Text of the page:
Incontinence in Zambia: It isn’t an Issue?

by Claire Scott

Week two in Zambia has been a busy one! This week I was kindly hosted by the Plan Zambia team based in Kabwe, Central Province. Together we have started inquiries to identify potential interviewees for my study (being incontinence sufferers, or those that care for incontinence sufferers), and although I didn’t think that this would be an easy task, it is proving to be more complicated than I could imagine!

We have already found that the term incontinence is not widely understood, and although the condition is recognised once the symptoms are explained awareness is usually limited to an association with obstetric fistulas[1]. Incontinence as an issue for men is unknown. There is also a lack of reported cases of incontinence, which is surprising given that the literature suggests around a third of parous (have given birth) women will suffer from the condition at some point[2]. This may be due to misdiagnosis or perhaps a reluctance to disclose, albeit this is at odds with a culture that claims to not shy away from discussing even the most private and rare health issues. Or perhaps incontinence is just not an issue for those that have it … my efforts to unravel the mystery of a lack of incontinence in Zambia are ongoing and I will keep you updated!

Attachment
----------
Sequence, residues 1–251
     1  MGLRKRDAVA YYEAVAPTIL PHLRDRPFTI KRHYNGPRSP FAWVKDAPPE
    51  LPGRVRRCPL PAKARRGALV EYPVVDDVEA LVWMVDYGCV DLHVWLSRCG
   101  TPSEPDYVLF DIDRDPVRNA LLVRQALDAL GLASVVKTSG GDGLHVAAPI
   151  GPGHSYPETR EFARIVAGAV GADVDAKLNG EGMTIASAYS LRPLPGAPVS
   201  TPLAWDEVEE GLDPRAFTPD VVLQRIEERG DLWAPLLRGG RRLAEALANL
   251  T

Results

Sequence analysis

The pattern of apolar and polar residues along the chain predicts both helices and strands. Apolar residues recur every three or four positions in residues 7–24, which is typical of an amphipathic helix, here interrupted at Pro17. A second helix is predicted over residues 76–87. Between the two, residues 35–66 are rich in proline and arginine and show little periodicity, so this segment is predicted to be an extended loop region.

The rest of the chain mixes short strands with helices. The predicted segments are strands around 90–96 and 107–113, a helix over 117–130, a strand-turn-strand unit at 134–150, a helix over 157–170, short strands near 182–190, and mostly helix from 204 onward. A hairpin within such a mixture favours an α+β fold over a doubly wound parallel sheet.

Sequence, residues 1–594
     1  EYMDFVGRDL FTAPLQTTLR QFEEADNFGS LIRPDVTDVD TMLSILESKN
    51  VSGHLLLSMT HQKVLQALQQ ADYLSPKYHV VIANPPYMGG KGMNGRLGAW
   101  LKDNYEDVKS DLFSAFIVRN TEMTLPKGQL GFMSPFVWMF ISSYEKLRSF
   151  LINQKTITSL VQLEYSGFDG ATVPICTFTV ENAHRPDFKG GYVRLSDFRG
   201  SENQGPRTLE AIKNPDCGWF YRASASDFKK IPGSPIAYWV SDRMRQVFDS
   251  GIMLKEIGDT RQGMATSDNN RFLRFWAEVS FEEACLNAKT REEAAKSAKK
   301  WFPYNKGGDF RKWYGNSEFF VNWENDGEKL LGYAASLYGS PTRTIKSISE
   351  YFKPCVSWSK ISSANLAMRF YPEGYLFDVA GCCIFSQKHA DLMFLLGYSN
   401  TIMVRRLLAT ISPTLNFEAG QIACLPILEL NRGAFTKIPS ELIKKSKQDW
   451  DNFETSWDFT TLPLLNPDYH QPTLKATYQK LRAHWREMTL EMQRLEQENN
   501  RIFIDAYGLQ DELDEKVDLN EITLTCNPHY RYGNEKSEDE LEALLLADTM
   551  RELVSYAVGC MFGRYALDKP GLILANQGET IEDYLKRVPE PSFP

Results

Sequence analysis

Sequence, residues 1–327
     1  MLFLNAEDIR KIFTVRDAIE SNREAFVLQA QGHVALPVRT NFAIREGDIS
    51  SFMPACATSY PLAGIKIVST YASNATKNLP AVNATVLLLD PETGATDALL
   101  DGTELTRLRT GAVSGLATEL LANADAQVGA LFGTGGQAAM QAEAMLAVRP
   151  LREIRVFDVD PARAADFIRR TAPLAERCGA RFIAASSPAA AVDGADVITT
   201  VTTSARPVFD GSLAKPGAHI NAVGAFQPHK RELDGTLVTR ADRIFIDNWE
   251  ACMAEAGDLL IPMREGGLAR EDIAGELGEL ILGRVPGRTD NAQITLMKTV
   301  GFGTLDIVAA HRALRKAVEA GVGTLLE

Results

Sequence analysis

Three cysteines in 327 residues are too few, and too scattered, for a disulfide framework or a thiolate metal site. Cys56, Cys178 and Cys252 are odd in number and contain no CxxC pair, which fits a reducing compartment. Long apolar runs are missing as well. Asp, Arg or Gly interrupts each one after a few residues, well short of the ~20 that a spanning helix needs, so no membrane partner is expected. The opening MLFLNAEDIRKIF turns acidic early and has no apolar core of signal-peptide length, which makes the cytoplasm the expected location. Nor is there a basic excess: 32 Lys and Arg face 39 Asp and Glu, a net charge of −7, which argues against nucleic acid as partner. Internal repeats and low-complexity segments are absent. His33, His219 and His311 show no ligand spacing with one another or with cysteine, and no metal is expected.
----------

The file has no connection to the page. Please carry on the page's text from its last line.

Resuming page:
I was also fortunate to attend the official launch of Chamuka Chiefdom By-Laws on ending child marriage, teenage pregnancies, child defilement and child labour in Chisamba district, Central Province. Plan Zambia advocates to influence traditional leaders to make changes to traditional practices that perpetrate the violation of children’s rights, and Chief Chamuka has emerged as a champion and strong supporter of child protection activities. The positive consequences of the By-Laws will be far reaching, and may include reducing the incidence rate of fistulas (and subsequent incontinence) by increasing the age of first exposure to the risk of pregnancy.

The event was attended by  Zambian First Lady Esther Lungu and Ghanaian First Lady Rebecca Akufo Addo, five traditional leaders from neighbouring districts, and representatives from the United Nations and European Union. It was a great opportunity to see the impressive results that Plan Zambia is achieving, and to also watch some traditional Zambian entertainment!

[1] A fistula is an abnormal opening between the bladder and vagina, and/or between the rectum and vagina. It is usually the result of an obstructed (prolonged) delivery, which is more likely to occur in young girls due to pelvic immaturity.

[2] Walker, G.J.A. and Gunasekera, P. (2011) ‘Pelvic organ prolapse and incontinence in developing countries: review of prevalence and risk factors’, International Urogynecological Journal, 22, pp. 127-135.